Baiting Hollow Farm Vineyard: Wine (and Beer) on Tap                 July 19, 2017

http://www.baitinghollowfarmvineyard.com/

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Though it looks like a Nineteenth Century farmhouse, most of the building is quite new.

Yes, a number of the wines here flow from a tap, and so does a selection of local beers.  And if that doesn’t sound to you like a winery that is serious about its wines…it certainly felt that way to us.  On the other hand, if you read the tasting notes on the reverse of the menu, it certainly seems as though someone cares about the juice of the grape.  Then again, the youthful servers, while perfectly pleasant—and one of them was engagingly chatty—didn’t have much to say about the wines, needing to check some notes, for example, to tell us what percentages of various grapes went into a blend.  And that seemed to suit the customers we saw just fine.  Most of them appeared to be visiting Baiting Hollow as you would a convenient bar, ordering a couple of tastes or glasses to take to a table to have, perhaps, with a cheese tray.

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The server is filling a beer or wine glass from the taps.

The tasting room, situated inside what looks like an old farm house (but is mostly not, as we remember passing by as it was being built), has a small bar but quite a few tables and seating areas, and there is also an extensive outdoor patio which looks like it can accommodate a large crowd.  There’s also a barn on the property where they care for rescue horses.  A portion of the proceeds from certain bottles of wine helps to fund this endeavor. The place also features an array of objets for sale.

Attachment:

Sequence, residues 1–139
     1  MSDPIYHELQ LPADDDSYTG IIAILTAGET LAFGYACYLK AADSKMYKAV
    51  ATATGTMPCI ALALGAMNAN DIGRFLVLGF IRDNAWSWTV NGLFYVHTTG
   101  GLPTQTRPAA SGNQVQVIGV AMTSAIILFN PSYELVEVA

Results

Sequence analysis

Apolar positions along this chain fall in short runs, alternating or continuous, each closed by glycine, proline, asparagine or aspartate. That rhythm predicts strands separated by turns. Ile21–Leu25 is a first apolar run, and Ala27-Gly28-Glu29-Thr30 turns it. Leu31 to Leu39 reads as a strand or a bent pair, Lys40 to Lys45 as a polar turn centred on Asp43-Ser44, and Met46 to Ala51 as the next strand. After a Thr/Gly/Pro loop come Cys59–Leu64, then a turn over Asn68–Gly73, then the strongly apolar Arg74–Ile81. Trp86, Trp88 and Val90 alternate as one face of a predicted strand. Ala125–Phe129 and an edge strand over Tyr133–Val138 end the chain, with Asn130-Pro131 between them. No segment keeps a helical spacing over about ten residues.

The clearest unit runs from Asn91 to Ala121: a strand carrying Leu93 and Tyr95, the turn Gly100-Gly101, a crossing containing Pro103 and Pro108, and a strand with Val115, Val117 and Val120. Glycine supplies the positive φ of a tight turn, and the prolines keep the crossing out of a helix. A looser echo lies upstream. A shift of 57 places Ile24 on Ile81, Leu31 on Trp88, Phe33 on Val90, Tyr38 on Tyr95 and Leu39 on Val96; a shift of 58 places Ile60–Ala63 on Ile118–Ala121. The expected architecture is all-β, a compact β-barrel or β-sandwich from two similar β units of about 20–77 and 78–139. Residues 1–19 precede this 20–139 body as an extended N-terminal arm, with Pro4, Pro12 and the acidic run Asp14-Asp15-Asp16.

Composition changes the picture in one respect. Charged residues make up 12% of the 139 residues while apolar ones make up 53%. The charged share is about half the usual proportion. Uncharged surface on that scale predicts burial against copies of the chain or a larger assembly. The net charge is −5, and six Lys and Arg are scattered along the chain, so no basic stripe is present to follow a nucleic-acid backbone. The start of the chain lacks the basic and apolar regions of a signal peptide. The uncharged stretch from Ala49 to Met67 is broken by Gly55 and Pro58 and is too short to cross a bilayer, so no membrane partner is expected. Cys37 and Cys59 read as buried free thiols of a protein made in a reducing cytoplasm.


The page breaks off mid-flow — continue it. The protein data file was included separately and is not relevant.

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Objets for sale.

The tasting menu offers one taste for $4, three for $9, four for $11, or six for $16.  There are also three more expensive wines available for $5 per taste.  We decided to share one tasting of six wines, as that would enable us to sample most of their offerings.  It was a wise choice, for the pour was often quite generous.  We took our time, happy to be in air conditioning and out of the July heat and humidity.

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One view of the bar.

  1. 2015 White Satin $27.99

“I love this wine,” enthused our server.  “It is very like a pinot grigio.”   She was right, we decided, as we sipped this dry, minerally, and refreshing white blend (of what, we don’t know).  The aroma was both floral and mineral.  The wine also had a trace of a salty taste.  It would be fine with raw oysters or clams.

  1. 2013 Riesling $26.99

Though both the menu and our server described this as “off dry,” we found it a bit too sweet.  Though the aroma had the honeysuckle smell riesling often has—and no cat pee!—the taste was so light that, blindfolded, I’m not sure I would identify it as a riesling.  I did detect some peach flavor.  The mouth feel was interesting, however, as it was rather unctuous.  (We decided to skip the chardonnay, as it is oaked.)